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  • KOIN 6 News

    Attorney: MultCo handout of tents and tarps is costly, ineffective

    By Jenna DemlLisa Balick,


    PORTLAND, Ore. ( KOIN ) — This coming week the Portland City Council is expected to vote on a new 3-year agreement with Multnomah County whether to continue funding the Joint Office of Homeless Services. But it’s not a done deal.

    One of the hot button issues is that the county keeps giving out tens of thousands of tents and tarps to the homeless at the same time the City of Portland is paying millions for removing them in clean-up efforts.

    Attorney John DiLorenzo sued the city on behalf of several disabled Portlanders and won the case where they claimed the city violated disability laws by allowing tents and tarps on sidewalks, blocking access.

    Last week DiLorenzo was back before the Portland City Council on the tents-and-tarps issue, noting the city is spending millions to get rid of the tents and tarps even as the county continues to hand them out.
    Portland attorney John DiLorenzo, June 16, 2024. (KOIN)

    He said Multnomah County’s Joint Office of Homeless Services continuing to distribute over 6,500 tents and 24,000 tarps is in direct conflict with the city’s $26 million contract with biohazard removal company Rapid Response to clean up between 8,000 and 12,000 tents.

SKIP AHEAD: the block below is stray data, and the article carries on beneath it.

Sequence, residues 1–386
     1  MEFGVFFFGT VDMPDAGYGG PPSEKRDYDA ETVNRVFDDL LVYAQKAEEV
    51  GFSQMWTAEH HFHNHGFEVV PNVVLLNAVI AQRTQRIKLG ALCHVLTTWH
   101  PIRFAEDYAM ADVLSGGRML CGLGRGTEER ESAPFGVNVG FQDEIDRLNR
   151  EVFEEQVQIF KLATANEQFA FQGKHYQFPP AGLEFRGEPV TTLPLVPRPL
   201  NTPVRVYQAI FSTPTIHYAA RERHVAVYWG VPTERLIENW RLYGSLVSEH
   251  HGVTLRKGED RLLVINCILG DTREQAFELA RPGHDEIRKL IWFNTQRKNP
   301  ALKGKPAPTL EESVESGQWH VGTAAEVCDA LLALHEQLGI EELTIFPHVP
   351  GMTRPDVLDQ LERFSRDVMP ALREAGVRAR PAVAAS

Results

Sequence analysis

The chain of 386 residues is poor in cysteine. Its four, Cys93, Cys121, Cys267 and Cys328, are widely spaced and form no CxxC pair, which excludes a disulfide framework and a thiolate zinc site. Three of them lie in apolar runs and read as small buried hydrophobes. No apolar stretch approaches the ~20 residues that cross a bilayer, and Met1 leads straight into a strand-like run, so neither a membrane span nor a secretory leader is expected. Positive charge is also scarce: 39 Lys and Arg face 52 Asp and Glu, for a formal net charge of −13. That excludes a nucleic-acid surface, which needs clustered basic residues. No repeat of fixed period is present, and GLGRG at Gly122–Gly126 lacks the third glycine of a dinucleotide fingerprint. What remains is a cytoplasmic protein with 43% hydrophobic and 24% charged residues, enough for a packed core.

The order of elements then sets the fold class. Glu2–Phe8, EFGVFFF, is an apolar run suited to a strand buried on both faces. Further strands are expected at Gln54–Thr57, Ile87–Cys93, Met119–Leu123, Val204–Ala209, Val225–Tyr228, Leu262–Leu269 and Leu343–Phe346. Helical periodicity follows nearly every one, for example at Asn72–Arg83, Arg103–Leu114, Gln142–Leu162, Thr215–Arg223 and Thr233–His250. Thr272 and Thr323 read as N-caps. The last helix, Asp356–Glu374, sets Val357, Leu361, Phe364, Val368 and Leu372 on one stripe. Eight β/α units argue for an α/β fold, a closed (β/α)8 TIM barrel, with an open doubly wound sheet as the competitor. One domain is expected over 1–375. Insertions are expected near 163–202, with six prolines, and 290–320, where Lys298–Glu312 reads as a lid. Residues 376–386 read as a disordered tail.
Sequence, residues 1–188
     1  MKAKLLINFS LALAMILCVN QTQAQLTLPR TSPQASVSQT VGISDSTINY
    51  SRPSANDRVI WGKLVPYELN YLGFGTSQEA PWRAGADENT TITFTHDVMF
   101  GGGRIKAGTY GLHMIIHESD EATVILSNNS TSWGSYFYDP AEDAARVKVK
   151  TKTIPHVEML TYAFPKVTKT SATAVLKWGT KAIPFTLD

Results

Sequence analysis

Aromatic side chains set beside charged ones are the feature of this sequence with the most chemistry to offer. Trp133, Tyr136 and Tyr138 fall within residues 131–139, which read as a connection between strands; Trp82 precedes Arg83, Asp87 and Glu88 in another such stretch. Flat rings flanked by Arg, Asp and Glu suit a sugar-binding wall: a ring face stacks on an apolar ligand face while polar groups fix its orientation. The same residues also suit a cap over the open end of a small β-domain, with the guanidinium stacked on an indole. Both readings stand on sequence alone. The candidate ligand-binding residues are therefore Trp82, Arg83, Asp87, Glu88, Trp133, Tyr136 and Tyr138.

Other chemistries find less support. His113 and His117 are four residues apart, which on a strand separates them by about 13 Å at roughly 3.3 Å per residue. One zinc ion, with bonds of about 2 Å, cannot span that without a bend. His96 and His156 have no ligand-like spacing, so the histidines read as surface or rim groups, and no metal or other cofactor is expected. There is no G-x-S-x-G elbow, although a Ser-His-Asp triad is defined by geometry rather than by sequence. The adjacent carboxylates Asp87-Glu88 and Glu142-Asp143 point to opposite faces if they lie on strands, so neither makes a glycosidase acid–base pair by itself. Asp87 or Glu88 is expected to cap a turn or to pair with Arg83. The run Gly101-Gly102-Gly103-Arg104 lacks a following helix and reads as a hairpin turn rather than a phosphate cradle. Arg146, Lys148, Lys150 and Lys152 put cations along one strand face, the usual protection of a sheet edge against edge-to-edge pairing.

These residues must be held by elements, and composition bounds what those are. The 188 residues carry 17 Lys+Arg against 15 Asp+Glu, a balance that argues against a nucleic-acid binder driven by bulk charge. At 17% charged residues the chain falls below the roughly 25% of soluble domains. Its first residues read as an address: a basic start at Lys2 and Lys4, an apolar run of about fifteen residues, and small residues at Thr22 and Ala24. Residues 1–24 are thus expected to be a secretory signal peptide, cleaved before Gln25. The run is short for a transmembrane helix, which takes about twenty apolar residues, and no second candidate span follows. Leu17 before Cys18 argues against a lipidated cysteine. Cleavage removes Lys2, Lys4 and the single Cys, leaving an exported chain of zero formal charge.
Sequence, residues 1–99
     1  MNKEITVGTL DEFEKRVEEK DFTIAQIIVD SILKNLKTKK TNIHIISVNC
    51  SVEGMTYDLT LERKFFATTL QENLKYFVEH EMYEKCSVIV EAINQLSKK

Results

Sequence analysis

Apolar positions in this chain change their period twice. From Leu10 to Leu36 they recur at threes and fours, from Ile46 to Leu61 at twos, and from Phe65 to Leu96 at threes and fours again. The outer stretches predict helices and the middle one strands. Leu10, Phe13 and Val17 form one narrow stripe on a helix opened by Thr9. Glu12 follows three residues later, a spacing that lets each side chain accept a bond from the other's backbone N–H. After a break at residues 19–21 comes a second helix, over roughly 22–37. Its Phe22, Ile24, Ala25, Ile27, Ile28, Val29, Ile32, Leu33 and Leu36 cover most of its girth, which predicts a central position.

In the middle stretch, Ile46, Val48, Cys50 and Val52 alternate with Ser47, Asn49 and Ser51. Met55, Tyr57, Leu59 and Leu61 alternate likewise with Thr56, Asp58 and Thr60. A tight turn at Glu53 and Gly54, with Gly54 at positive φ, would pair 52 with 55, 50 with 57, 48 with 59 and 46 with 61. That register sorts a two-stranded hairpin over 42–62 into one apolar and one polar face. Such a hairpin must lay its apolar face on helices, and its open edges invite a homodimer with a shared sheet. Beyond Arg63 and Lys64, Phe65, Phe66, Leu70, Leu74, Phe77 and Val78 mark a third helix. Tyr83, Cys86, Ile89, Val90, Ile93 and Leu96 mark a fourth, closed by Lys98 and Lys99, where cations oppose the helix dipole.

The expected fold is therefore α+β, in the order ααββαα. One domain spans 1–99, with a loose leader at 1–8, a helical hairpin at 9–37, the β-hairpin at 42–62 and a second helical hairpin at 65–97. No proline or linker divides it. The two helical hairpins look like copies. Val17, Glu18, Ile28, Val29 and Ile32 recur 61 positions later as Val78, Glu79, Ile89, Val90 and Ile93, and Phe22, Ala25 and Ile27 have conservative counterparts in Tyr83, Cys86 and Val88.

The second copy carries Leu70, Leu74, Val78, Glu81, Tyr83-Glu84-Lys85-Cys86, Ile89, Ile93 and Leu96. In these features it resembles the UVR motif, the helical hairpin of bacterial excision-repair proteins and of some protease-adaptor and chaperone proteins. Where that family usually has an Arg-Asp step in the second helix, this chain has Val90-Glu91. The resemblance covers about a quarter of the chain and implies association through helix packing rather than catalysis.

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    Multnomah County officials said they hand out the tents and tarps to help people, especially during winter weather. The county’s budget for next year includes more than $250,000 for more tents.

    While the county has claimed the tents and tarps effort is to provide aid during cold weather months and when there are not enough places for indoor shelter, DiLorenzo noted that not only have these supplies been given out year ’round, but shelter spaces are empty throughout the year.

    In essence, DiLorenzo believes Multnomah County is adding to the problem the City of Portland is supposed to clean up.

    On Sunday, DiLorenzo told KOIN 6 News the City of Portland should ask Multnomah County to pay for the tent cleanup work and get the county to spend the millions they’ve allocated for tents and tarps and put it toward indoor shelters.

    “I view that as similar to walking up the down escalator,” he said. “You get nowhere and you’re exhausted at the end of the day.”

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    “The idea was to bring people indoors, not encourage them to remain outdoors,” he added. “In fact, a tent policy that encourages people to remain outdoors is itself inhumane.”

    Thursday’s upcoming Portland City Council session will involve discussion around a three-year renewal of a program between the city and county on homelessness response. Should this renewal be approved, DiLorenzo believes the county will continue a “failed experiment” with the JOHS, further perpetuating the cycle of distribution and cleanup.

    “There is absolutely nothing in the agreement that curtails the county from adding to the problem by placing more tents and tarps onto the streets only for the city to clean them up,” he stated. “And so I believe that a requirement that the county adopt the same policy that the city has with respect to tents and tarp distribution should be a prerequisite for renewing the agreement.”

    Members of the public can sign up to testify at the City Council session to be held Thursday, June 20 at 9:30 a.m.

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